My translator, who works in tandem with his mother as the regional coordinator, said that he and his mother never had before in their practice seen an older child “take” so instantly to their new parent! From what I’ve heard, reactions from children might vary from fear, shyness, happiness, weariness, confusion, and excitement.
Of course, age has a lot to do with what happens. Expect nothing, and you’ll be fine. Most of the time, the comfort level and affection have to develop slowly.
What will it feel like when I first get home with my child?
Exciting. Unbelievable. Surreal. Comfortable. For me, it felt like she had always been part of my life. It’s hard to explain, but once she was home, I didn’t specifically think of “before” and “after.” She was just here. The first day was like being inside a helium balloon.
Everything felt soft and happy. We went for a walk, blew bubbles (the ones you sent!), went to the grocery store, and went to the school playground. I’ll never forget how she climbed to the top (she instantly impressed me with her agility and strength) of one climbing apparatus, let go with her hands, spread out her arms, raised her chin, and began heartily singing a Russian folk song!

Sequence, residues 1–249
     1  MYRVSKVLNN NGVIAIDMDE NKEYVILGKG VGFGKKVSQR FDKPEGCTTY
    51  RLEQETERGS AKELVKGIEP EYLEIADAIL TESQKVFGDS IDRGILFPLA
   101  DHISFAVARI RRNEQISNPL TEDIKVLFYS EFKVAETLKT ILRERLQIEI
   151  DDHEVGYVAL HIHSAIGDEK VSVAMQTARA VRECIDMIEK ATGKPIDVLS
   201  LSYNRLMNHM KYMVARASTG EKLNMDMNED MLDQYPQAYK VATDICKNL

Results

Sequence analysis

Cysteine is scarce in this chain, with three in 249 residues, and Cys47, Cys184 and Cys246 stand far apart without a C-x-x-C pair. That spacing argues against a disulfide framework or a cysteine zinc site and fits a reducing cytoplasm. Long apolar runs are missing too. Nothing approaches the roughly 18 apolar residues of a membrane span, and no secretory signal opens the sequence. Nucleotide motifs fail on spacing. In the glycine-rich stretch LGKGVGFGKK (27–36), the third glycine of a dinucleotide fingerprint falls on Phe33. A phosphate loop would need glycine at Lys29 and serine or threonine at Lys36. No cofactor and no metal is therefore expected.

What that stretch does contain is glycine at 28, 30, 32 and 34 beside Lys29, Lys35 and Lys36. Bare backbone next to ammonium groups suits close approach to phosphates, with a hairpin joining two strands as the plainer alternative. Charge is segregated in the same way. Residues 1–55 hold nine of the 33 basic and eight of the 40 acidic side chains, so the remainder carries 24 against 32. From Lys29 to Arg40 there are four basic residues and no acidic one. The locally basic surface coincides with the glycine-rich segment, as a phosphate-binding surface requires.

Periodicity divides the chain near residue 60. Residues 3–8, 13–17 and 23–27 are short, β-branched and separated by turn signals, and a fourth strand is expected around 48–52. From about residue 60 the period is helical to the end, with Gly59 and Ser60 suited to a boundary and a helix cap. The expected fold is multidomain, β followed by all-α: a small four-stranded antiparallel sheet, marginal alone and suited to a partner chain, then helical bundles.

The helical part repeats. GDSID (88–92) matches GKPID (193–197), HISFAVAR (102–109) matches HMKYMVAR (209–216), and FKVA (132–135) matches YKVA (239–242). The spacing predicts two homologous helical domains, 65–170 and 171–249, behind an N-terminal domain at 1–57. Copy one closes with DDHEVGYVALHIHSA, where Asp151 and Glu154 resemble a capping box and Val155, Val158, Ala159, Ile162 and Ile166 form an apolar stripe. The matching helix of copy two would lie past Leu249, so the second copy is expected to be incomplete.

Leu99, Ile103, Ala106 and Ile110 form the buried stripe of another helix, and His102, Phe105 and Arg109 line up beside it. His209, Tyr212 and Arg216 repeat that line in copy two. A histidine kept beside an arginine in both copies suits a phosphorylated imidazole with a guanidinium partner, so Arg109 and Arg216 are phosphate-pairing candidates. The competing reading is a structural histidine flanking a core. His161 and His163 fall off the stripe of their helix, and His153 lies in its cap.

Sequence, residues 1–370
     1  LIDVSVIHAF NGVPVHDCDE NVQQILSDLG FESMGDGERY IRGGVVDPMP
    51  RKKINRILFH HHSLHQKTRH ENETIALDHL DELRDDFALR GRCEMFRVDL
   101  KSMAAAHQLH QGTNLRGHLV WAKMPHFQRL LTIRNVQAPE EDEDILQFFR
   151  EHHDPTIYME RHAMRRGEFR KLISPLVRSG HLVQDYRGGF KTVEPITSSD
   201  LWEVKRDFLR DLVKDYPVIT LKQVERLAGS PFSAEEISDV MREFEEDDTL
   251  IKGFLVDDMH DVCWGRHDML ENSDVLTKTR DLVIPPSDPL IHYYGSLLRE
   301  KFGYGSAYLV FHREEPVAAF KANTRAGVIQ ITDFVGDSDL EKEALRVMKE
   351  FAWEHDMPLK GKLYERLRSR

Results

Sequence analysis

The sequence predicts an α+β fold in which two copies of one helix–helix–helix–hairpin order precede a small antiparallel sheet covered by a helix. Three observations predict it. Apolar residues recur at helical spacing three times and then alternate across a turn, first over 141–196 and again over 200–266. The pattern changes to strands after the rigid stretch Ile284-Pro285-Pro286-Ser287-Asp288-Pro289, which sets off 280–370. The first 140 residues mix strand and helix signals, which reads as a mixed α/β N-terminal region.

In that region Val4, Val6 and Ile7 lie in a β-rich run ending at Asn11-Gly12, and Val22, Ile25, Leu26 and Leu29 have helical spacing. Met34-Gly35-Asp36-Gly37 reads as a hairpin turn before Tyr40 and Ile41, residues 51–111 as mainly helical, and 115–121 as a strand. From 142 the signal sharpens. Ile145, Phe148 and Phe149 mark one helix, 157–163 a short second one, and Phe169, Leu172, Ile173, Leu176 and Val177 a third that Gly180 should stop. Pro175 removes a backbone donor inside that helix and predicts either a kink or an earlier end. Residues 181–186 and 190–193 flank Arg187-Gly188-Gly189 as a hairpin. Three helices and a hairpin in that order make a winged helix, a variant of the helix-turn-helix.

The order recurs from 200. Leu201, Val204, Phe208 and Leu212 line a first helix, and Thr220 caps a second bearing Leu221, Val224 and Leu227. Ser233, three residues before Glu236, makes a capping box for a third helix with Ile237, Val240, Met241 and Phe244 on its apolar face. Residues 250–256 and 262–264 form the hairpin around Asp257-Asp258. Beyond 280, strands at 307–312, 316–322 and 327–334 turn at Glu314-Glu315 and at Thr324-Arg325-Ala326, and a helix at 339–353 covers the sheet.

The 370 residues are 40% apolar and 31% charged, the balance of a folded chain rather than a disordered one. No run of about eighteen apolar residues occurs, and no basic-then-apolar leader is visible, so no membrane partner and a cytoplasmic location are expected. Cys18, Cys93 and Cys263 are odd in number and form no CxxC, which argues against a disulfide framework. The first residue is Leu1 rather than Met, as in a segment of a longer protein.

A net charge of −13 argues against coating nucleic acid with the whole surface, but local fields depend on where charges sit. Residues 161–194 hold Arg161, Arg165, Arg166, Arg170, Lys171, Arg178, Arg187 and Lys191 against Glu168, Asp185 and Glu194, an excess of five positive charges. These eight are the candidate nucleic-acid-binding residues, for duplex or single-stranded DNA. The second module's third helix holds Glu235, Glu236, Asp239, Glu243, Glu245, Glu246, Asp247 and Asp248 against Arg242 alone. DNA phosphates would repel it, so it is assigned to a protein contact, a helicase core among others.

What will it feel like during the first few months?
Hell! I had a very rough time, as you know. Hannah’s meltdowns occurred from two-six times per week and lasted from one – five hours long. They were not tantrums. They were a state of complete out-of-control. One day it could be triggered by tiredness. The next, it could be not wanting to get up in the morning. The day after, it could be because I told her to brush her teeth.
Many times, it was over bedtime. Her actions included hitting, kicking, biting, screaming, and spitting. In addition, to my bruises, bites, and cuts, the walls were scratched, doors were scrapped, and the banister was broken.
I tried all of the following–timeouts, removal of privileges, holding and rocking, putting her in her room, taking all of her toys out of her room. Putting her in the car for school in her pajamas (she got dressed very quickly in the car!), ignoring her, complimenting the correct behavior, point system, behavior chart, massage, specific directions as to my expectations, long transition times, and active ignoring. We talked a lot about how to control emotions, using words, not body, and making the right choices.
The most effective tool, in the end, was the writing and strict adherence to “house rules.” This was my effort to get control over the most violent and abusive behavior. “No hitting. No kicking. No biting. No spitting. No yelling.” Breaking of these meant instant timeout. Getting her into a timeout, and keeping her in the timeout, however, took months.